Wednesday, September 26, 2012

It's Powerful

Whenever I smell Oil of Olay and CoverGirl Pressed Powder, I think of my Grandma Evans.  She swore by Oil of Olay to keep her looking young, and she was always powdering her nose with the CoverGirl Pressed Powder.  And when I was growing up, I was lucky enough to always have her around.  At the time, though, I didn't always feel so lucky.

Grandma Evans and I both were similar in the temper department, and appeared to be each other's triggers.  So there was a lot of fighting with her when I was younger, and especially when I was a teenager.  But still, she was always in my corner when it mattered, and even though I remember a lot of the fighting, looking back now, I remember that she was so much fun, and was one of the most generous, least pretentious people I'll ever know.

My sister and I, whenever we get together, always get laughing about something Grandma Evans would say or do that burnt us up at the time.  For instance, when we were little and in cranky moods, Grandma Evans would ask us "Did you have a bowel movement today?  Was your poopy soft?"  That question would irritate Colleen and me every time, and if Grandma and I were in the wrong mood, it'd set off a fight of atomic proportions.  But now as adults, I think it's safe to say that I, at least have come to appreciate the connection between a happy colon and a good mood.  And if my sister and I have been around each other too much at the wrong time these days, and get pissy with each other, one of us will ask the other "Was your poopy soft?" and then we get giggling like a couple of idiots. 

Gross?  Yes.  But we all know it's true.  It is what it is.  If you're still annoyed with me for relating that story, go eat a bran muffin and some prune juice and come back in a little while when you're in a better mood.

As irritating as I could find my Grandma Evans sometimes, she really was good-hearted, and she could have a soothing effect.  When I'd be home sick from school with some stomach ailment (my mom called it 'nervous stomach;' Dr. Davis called it 'ulcer'), Grandma Evans would always make me food that wouldn't upset my stomach.  I wouldn't want to eat, but she'd always insist that it'd make me feel better, and most of the time, it did. 

And then in the winter time, when a lot of Grandmas would be content to watch the grandkids ride downhill in the snow from the comfort of the warm side of the windows (heck- that sounds like a plan to me, and I'm in my thirties!), Grandma Evans bundled up and would ride downhill with us.  When Colleen and I stayed all night at her house, she'd let us make French fries from scratch, using her potato press, and whenever she would watch us for a Saturday when Mom and Dad went somewhere, we'd go on fun field trips.  I remember going fishing at Beechwood Lake.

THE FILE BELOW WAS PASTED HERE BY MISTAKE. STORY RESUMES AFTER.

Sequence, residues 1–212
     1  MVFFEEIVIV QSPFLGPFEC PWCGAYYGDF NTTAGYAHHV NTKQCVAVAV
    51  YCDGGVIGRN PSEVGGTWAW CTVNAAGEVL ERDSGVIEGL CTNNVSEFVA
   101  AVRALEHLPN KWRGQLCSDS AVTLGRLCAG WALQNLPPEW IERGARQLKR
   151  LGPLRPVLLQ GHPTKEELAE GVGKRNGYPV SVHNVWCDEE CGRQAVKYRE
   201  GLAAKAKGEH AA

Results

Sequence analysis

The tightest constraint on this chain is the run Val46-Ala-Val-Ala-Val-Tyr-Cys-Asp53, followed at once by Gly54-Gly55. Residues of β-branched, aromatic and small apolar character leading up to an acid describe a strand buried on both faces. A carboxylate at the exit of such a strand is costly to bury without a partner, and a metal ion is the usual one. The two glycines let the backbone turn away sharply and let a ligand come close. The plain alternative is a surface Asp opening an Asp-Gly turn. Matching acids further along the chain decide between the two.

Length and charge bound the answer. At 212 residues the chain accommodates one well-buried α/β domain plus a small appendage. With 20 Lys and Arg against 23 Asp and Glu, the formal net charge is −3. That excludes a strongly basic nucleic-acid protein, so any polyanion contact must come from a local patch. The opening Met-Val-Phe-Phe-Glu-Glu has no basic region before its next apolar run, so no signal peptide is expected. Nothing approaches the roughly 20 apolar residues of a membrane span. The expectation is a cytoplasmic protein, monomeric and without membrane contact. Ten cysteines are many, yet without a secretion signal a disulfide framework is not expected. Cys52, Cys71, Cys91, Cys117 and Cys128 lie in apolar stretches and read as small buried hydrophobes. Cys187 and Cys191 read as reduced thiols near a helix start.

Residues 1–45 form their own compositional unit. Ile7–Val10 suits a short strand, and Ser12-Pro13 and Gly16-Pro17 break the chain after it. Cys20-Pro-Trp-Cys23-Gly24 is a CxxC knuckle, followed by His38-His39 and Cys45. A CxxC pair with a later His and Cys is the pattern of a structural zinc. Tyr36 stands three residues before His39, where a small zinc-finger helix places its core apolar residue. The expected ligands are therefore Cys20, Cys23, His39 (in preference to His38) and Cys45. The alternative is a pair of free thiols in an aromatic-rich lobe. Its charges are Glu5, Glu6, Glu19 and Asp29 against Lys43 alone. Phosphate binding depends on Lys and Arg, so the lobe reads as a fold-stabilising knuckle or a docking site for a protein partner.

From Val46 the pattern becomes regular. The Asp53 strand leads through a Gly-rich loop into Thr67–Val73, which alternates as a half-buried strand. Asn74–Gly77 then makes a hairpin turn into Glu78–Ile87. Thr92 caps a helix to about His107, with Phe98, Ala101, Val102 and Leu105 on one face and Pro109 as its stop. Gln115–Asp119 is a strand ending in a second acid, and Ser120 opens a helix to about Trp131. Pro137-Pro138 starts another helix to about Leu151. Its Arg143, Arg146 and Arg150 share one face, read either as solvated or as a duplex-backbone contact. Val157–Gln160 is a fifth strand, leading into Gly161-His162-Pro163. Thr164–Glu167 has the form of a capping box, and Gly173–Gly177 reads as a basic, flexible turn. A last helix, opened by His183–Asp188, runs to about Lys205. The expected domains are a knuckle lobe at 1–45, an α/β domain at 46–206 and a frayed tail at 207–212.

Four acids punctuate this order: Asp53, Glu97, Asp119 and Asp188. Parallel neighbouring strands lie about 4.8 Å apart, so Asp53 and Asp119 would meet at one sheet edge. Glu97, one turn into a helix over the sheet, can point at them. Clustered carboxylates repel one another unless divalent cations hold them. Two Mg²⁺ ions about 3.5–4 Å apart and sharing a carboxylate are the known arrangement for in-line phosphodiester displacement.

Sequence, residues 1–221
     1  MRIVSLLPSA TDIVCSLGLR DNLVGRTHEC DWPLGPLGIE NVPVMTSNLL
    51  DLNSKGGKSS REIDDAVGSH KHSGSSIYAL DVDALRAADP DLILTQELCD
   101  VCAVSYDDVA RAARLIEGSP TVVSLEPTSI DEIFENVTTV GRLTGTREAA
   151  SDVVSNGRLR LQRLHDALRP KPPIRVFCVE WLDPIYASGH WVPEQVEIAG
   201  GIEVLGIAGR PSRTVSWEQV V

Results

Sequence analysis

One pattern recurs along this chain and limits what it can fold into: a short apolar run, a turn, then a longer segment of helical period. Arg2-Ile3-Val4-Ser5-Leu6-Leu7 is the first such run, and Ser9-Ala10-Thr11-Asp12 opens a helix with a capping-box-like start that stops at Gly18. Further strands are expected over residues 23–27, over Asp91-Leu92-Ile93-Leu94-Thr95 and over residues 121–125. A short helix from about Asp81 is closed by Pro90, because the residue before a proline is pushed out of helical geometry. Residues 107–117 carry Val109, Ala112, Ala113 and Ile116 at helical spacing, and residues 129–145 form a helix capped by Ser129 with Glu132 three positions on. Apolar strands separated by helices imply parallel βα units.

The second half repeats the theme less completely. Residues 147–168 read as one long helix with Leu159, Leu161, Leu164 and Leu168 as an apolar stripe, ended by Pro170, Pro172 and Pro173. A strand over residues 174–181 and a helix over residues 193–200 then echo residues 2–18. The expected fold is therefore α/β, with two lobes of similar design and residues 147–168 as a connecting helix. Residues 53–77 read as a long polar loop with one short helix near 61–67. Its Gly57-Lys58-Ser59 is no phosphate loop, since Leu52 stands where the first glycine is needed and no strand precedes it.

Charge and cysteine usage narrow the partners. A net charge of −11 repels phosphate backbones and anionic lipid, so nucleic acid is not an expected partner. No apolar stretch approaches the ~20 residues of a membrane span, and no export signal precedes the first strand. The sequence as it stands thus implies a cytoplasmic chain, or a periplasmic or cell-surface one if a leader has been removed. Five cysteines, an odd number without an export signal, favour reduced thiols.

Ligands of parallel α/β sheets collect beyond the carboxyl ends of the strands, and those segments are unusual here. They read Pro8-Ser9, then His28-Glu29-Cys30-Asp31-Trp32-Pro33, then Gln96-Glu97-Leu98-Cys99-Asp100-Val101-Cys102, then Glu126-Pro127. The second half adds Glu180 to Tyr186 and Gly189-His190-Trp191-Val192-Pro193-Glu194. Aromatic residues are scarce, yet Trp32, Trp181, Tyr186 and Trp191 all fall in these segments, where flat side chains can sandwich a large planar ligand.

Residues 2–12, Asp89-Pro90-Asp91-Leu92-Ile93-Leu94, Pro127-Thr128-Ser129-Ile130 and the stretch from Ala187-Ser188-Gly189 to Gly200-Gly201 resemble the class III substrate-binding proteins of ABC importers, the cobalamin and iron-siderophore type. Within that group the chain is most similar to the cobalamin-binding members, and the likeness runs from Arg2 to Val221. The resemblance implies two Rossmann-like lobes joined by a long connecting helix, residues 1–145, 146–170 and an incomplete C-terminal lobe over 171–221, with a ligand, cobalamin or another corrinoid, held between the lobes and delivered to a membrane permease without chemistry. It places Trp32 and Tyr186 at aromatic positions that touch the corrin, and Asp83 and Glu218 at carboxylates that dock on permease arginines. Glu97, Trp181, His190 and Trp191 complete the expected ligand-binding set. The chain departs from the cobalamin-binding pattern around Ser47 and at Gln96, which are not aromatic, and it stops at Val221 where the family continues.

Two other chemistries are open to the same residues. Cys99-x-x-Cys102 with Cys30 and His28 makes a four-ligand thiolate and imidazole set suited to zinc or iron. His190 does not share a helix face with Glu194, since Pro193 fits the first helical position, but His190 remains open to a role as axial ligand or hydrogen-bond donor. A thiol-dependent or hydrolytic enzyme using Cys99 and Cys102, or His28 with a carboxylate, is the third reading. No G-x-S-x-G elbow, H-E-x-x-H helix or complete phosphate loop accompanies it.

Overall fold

She was a person to really make the best of things.  She lived for hard work.  After Thanksgiving dinner, you'd find Grandma Evans out at the kitchen table, picking over the bones, to get every scrap of meat off.  When Mom would decorate cakes, Grandma kept the decorating tips washed up.  At canning time, she'd cut up the green beans.  Pain-in-the-butt little things the rest of us didn't like to do.  She taught me how to make a bed with perfect hospital corners.  [That's something I am a stickler about, to this day.  If the sheets are baggy on a hotel bed, I have that thing ripped apart and made up properly, even if my husband is horrified by this.]  And when she moved to the nursing home in 2000, she had her doctor sign a paper saying that working in the home's laundry room was good for her mental health.  Some people implode when they go to nursing homes, but Grandma Evans made the best of it, socializing with the other residents, making the most of the Activity Room, and working in the laundry until she couldn't anymore, physically.   That ability to make the best of everything is something I work really hard to emulate.